This venerable firm has a number of very well regarded practice areas, spanning the range of general corporate transactional work, to more specific areas such as project finance, and including an excellent range of litigation practices. The firm has been full service almost since its inception, and the very diverse practice areas have meant that no matter what has been happening in the economy, Milbank has been in a position to capitalize on it.

The firm’s restructuring group handles some of the highest profile bankruptcies in the world. Milbank has represented major stakeholders in such proceedings as Lehman Brothers and Global Crossing. Less proudly, the firm was heavily involved in the Enron fiasco. This department is ranked among the best in the country.

The firm has an excellent corporate department which is among the best in New York for general banking and finance, and among the best in the country for project finance. The firm is particularly involved in project finance for various energy industries, both traditional and alternative. It has had important roles in the sale of Bluewater Wind, a major developer of offshore wind farms, and the financing of Midwestern ethanol plants.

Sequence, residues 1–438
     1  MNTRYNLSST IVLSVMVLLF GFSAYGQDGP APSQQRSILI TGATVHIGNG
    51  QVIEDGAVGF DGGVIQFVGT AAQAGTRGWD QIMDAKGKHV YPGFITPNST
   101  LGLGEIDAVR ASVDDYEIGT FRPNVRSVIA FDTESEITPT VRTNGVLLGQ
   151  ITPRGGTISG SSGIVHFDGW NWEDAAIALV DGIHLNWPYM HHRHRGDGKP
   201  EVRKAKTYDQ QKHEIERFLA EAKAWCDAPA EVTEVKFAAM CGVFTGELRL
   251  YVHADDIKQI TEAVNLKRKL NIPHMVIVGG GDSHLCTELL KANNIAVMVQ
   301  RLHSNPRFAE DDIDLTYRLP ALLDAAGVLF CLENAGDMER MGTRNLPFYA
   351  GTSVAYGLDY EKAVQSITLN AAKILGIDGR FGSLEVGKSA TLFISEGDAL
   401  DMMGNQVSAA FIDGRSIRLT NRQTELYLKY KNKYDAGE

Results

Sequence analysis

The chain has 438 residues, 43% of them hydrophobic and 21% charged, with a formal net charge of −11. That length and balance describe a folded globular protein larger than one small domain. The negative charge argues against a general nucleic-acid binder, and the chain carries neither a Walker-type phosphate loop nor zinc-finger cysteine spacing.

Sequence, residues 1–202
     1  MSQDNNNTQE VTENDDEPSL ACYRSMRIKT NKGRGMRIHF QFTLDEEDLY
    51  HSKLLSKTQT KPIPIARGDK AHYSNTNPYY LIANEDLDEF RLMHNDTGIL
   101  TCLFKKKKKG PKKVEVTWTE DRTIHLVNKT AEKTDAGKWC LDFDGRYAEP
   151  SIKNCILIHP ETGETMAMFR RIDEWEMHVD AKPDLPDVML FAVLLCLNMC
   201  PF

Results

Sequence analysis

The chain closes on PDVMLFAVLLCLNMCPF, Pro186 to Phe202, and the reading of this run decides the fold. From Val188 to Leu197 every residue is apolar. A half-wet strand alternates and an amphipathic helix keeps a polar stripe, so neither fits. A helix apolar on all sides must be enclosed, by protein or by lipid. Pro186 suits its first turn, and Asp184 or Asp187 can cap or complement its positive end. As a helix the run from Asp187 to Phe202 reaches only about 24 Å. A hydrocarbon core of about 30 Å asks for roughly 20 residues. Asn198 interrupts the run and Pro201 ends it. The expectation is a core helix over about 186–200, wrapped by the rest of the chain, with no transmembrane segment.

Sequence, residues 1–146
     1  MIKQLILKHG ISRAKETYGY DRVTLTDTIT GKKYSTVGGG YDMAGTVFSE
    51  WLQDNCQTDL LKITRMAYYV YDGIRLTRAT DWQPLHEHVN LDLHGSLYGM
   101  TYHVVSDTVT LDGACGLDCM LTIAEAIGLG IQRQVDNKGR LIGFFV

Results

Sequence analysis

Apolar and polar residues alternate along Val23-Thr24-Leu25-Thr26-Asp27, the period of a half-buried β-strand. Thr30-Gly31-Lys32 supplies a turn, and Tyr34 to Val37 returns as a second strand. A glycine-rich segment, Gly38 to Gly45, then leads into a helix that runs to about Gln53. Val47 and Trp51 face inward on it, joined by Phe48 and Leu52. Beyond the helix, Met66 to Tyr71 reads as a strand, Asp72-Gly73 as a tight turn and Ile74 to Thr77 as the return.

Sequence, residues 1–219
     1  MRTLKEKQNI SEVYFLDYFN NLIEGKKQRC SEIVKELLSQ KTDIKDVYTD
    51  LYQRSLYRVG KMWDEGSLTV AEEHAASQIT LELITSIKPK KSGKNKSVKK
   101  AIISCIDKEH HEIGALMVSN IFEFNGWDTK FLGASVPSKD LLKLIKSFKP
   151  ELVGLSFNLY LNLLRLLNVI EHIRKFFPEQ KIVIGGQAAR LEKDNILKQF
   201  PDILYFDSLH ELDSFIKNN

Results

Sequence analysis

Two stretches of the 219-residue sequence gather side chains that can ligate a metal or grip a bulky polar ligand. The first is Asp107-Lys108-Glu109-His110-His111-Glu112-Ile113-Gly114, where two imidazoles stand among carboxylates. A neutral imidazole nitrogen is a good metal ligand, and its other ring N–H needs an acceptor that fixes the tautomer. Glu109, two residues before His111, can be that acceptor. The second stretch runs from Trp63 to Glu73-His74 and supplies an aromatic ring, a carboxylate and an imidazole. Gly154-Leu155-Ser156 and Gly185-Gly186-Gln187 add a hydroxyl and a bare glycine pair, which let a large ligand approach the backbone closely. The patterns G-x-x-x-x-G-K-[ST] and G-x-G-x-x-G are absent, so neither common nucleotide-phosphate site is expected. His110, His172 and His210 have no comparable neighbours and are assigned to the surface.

Ranked number 32 overall by Vault, the firm has a number of top ranked practices. Most prominently, they have the number five spot in the bankruptcy rankings, and are number nine for Clean Tech/Renewable Energy projects. The firm’s litigation team makes another appearance with a top twenty ranking for Class Actions.

Chambers and Partners ranks Milbank nationally in Band 1 or 2 for the following practices: Bankruptcy/Restructuring, Projects (Mining, Oil & Gas, Power, Alternative Energy), Transportation, and Wealth Management. The New York main office also results in a number of excellent New York regional rankings, earning Band 1 or 2 recognition in the following: Banking & Finance, Bankruptcy/Restructuring, Corporate/M&A, Latin American Investment, Securities Litigation, and Technology & Outsourcing.